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Tariqa Mead
(fenester) - F
Lifespan of MSR Whisperlite Stove on 04/27/2006 09:26:14 MDT Print View

I'm just gearing up for some summer trips after a long hiatus (15 years). I purchased an MSR Whisperlite Int'l back around 1987 and used it for several years. Then it went in a box and sat until now.
My question: What is the lifespan of a stove? I would, of course, test the stove before heading out. My main concern is the flexible fuel hose. It's fabric covered so I can't easily do a visual inspection before firing it up. It feels ok, still flexible, no cracking sounds when I bend it. It doesn't seem to be user servicable; the hose is crimped on.
I didn't see any info on the MSR website. Any advice/personal experiences would be appreciated.

Cheers!

[Edit: I checked the o-rings on the pump and they seem to be in good shape]

Edited by fenester on 04/27/2006 09:41:29 MDT.

David Olsen
(oware)

Locale: Steptoe Butte
whisperlight upgrade on 04/27/2006 18:25:14 MDT Print View

MSR replaced my fabric hose with a metal one
for the cost of shipping. I think they decided they
were dangerous.

Ken Bennett
(ken_bennett) - F

Locale: southeastern usa
Re: whisperlight upgrade on 04/27/2006 19:14:33 MDT Print View

MSR sells a repair kit for the Whisperlight that has new O-rings, etc. It's not expensive. Replace the leather pump cup, too.

You could also elect to purchase a new pump, which might be easier. Or, you could send the whole thing back to MSR for an overhaul -- including changing out the fuel hose.

--Ken

Edited by ken_bennett on 04/27/2006 19:15:07 MDT.

Tariqa Mead
(fenester) - F
thanks on 04/27/2006 21:08:27 MDT Print View

Hey, thanks for your replies! I think I'll send it in for an overhaul.

Ian Rae
(iancrae) - F

Locale: North Cascades
Re: Lifespan of MSR Whisperlite Stove on 04/27/2006 22:20:29 MDT Print View

This might be the time to think about replacing your stove with a canister, as long as you're spending $$$. Some of the canister stoves can be had for $30-$40. They are lighter, more fuel efficient and probably safer. That said, I still have my similar vintage whisperlite for winter camping melting snow. Enjoy your trips, whatever you end up taking.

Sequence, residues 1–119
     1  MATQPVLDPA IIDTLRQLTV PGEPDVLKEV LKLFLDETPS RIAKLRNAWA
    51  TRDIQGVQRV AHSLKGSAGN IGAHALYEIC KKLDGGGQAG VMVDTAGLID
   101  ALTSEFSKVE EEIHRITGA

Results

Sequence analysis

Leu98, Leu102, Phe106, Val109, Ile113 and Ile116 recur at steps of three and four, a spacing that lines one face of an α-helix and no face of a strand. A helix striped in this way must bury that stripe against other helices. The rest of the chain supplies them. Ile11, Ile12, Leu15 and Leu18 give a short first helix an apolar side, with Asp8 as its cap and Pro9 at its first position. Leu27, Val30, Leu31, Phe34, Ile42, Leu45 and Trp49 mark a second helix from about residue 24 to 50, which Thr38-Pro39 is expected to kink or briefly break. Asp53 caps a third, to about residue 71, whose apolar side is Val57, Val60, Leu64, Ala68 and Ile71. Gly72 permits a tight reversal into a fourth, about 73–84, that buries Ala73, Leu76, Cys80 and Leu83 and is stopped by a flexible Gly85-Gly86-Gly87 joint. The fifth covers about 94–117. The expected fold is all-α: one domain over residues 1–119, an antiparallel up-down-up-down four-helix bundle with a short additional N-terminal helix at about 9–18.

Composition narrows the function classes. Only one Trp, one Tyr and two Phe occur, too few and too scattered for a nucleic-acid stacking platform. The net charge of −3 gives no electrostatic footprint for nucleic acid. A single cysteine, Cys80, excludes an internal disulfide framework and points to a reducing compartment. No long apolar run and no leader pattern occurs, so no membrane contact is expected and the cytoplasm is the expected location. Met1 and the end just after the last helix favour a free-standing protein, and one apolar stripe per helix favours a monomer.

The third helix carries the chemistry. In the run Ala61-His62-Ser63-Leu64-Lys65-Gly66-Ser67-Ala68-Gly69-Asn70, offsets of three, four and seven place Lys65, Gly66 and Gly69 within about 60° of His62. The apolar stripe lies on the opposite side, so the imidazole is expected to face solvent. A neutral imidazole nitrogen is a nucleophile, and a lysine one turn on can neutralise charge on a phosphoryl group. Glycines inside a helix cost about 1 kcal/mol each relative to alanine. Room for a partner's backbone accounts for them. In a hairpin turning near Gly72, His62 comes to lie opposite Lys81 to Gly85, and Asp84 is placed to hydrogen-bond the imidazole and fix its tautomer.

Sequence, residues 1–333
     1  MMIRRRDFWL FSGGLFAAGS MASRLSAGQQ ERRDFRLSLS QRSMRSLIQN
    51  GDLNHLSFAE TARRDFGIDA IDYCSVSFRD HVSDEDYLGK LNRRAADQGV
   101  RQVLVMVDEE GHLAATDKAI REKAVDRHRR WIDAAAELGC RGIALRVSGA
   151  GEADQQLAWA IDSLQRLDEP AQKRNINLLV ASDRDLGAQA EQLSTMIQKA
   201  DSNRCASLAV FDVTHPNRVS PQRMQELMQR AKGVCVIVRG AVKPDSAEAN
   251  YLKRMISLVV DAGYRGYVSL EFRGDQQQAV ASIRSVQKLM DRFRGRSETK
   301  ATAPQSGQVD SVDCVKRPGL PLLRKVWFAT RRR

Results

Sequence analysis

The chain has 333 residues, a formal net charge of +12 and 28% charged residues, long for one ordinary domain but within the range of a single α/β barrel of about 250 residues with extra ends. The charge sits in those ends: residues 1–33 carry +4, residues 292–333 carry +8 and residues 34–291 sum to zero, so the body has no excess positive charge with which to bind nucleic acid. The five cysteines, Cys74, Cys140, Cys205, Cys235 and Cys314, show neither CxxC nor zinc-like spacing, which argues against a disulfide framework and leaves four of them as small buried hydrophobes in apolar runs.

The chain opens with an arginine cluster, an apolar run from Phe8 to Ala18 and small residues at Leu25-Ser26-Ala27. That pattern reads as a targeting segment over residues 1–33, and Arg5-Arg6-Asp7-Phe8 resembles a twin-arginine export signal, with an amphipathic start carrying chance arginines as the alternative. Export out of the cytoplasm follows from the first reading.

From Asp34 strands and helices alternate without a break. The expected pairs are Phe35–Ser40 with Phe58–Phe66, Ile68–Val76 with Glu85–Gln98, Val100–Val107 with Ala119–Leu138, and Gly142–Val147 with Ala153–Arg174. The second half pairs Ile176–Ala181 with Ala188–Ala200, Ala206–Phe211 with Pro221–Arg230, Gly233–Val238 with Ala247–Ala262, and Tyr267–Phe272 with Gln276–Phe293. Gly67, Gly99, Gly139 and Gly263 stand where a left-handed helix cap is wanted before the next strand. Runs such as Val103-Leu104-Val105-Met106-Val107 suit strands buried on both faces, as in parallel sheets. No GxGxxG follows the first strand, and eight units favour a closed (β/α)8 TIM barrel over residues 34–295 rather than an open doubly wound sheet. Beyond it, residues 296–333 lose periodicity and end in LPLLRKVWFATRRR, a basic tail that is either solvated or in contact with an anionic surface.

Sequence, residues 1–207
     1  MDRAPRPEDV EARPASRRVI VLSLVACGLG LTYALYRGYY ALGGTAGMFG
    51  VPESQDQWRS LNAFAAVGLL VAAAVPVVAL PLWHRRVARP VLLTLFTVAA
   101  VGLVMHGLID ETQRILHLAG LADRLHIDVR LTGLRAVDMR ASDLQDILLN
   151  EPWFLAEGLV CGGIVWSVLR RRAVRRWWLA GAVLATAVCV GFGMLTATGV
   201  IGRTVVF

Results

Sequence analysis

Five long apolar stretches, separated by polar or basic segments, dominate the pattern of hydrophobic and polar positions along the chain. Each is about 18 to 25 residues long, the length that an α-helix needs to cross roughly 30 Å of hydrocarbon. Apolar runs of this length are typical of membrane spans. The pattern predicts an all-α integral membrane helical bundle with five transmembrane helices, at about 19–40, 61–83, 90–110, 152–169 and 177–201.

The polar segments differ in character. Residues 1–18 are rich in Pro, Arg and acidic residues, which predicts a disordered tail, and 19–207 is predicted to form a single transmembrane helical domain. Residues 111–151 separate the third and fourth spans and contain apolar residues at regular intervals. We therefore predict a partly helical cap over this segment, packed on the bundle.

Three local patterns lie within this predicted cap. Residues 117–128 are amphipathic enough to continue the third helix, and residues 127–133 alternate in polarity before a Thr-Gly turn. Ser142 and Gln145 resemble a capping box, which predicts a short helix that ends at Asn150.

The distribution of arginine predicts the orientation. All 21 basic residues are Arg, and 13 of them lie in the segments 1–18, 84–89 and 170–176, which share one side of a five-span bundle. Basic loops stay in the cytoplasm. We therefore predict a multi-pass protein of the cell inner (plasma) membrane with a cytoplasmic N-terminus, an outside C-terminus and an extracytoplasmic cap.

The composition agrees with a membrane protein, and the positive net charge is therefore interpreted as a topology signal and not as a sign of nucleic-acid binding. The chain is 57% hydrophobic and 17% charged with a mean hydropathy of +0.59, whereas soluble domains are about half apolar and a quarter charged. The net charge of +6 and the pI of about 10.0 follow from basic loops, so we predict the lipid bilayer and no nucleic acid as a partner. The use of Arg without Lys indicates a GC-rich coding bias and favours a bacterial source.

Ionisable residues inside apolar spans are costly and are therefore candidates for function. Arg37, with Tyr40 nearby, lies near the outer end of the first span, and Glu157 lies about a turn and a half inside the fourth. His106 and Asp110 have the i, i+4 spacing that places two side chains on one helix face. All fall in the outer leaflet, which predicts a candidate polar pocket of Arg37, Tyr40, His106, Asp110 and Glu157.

Tariqa Mead
(fenester) - F
bring out your dead (stoves) on 04/28/2006 12:28:50 MDT Print View

I have been thinking about that, either to switch to a canister or a new white gas stove like the simmerlite.
But my conscience keeps piping up, complaining about trash generated from canisters and throwing out a stove that still has some life in it (despite the possible need for a new hose).

Mike Storesund
(mikes) - F
Re: bring out your dead (stoves) on 04/28/2006 13:08:08 MDT Print View

I agree with you Tariqa... the canister stoves create for trash. Then again white gas uses more natural resources.
Why not recycle aluminum and create a "Pepsi Can" alcohol stove and burn denatured alcohol?

Vick Hines
(vickrhines) - F

Locale: Central Texas
Re: Re: bring out your dead (stoves) on 04/28/2006 13:15:45 MDT Print View

Or give up ALL the hassel and use Esbit.

Dylan Skola
(phageghost) - F

Locale: Southern California
Resource use of white gas vs. ethanol on 04/28/2006 13:44:23 MDT Print View

Ethanol for industrial uses (such as goes into denatured alcohol) is actually made by acid-catalyzed hydration of ethylene (a petrochemical), rather than fermentation of biomass.

Because of the lower energy content of ethanol, one might find that using ethanol as a fuel actually consumes _more_ non-renewable resources than white gas.

This would be an interesting analysis, my guess is that they're similar. This only takes into account production. For impacts like the consequences of accidental spills in the backcountry, ethanol wins hands down.

Of course, fermented ethanol is in common and increasing use as a fuel for motor vehicles, especially in other countries, but the dentatured stuff we can buy in the store is petroleum derived.

One could always use everclear / golden grain (in states where it's legal) and be assured of getting alcohol from a more renewable source.

Note that this may change in the near future:

"At petroleum prices like those that prevailed through much of the 1990s, ethylene hydration was a decidedly more economical process than fermentation for producing purified ethanol. Recent increases in petroleum prices, coupled with perennial uncertainty in agricultural prices, make forecasting the relative production costs of fermented versus petrochemical ethanol difficult at the present time."